It is the last week of the Quarter of my first term at Fuller Seminary. Last night a classmate and I walked to “Old Town” Pasadena to finish up a group paper for one of our classes. As we sat talking and thinking about how to “Develop Community” for those who call themselves Christian I heard the jingling of coins behind my ear. As I turned and look up from my seat on
the dimly lighted patio, I saw a the face of an older man with many characteristics of someone who made their bed on the streets at night. Through his difficult speech I deciphered a request for money to buy some coffee inside. I will be honest, he was the third individual in the last hour to ask me for money, and up until that point I had refused to hand over any for an undisclosed purpose. However, as I asked this gentlemans name and looked him in the eye, I suggested we use what we both had in our pockets to buy his desired cafe treat.
Making our way inside it was clear that his presence affected a few patrons as due to his poor sight he needed to press his face into the display case to get a sense of what he could purchase. I quietly mouthed to one young woman who was cut off by this act “You’re okay”. As we purchased the coffee and scone together there was no “Thank you” or gratitude that came from the mans lips, only a shuffling of feet over to the cream and sugar to prepare his newly acquired treat .I told him to take care and that is was nice to meet him.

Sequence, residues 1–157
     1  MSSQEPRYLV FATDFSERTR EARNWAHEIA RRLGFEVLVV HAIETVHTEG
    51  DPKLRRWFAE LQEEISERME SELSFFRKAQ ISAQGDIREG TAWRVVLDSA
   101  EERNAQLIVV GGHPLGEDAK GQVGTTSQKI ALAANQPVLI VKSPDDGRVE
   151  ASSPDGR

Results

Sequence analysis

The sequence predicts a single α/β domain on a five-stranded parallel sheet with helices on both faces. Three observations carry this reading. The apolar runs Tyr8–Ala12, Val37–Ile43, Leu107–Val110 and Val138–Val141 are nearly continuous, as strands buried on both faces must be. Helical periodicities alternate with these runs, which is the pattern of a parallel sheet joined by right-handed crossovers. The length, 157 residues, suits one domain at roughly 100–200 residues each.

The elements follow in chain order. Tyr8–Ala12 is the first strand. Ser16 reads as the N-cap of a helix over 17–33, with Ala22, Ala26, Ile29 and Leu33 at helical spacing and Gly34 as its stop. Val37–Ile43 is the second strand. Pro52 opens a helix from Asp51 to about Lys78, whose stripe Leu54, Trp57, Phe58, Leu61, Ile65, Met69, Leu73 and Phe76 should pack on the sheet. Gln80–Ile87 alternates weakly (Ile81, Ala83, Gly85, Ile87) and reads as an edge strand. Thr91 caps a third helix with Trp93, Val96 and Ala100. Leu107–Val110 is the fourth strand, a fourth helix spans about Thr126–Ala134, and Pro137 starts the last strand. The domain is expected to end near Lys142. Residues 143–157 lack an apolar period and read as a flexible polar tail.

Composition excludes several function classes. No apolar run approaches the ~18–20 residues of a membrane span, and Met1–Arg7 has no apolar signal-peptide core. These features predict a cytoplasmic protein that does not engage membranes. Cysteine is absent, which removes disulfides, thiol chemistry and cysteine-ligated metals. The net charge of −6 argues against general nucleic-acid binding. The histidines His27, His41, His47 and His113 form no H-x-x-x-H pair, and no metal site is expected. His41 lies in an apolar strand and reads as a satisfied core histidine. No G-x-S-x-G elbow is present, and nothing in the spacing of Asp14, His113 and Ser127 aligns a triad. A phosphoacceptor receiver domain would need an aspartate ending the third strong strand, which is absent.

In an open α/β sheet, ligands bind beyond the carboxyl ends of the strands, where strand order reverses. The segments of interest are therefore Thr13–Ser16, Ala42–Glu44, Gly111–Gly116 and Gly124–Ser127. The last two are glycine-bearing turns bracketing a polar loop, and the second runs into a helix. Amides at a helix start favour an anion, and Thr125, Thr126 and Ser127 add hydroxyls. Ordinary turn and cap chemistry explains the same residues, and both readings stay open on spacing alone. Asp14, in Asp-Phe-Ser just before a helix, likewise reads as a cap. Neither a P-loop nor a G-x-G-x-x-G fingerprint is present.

It was a very interesting scene to see how people responded to this mans presence and to be associated with his “unwelcomed” vibe that ensued the cafe. I thought of many moments when I too had walked into a room or around a certain group of individuals and received this same feeling. I think the difference is that there are internal and external factors that make this vibe known to us.
We may mistreat our loved ones, make poor moral choices, or simply dress in clothing that leads to unfortunate malfunctions for dozens of strangers to ogle at. Overall, the key mark of virtue, and of valuing one another isn’t what you may receive from stepping forth and partnering in a spirit of acceptance. I could have felt “put off” by the request for money, or by the lack of gratitude for showing a bit of kindness. For me, this wasn’t my interest. My concern was whether I was practicing the very thing I am studying to become, a transformed person of Christ. This was kept in mind as I hoped to empower my new friend by using both our resources in a partnership to meet his needs.
How are we partnering with those around us to perpetuate a sense of acceptance and provision of internal and external needs? How can we develop community in our little worlds
that seem too often to be concerned with insecurities and self interests? How might the world know who we are as people following a faith ifthey cannot see it in the way we love each other?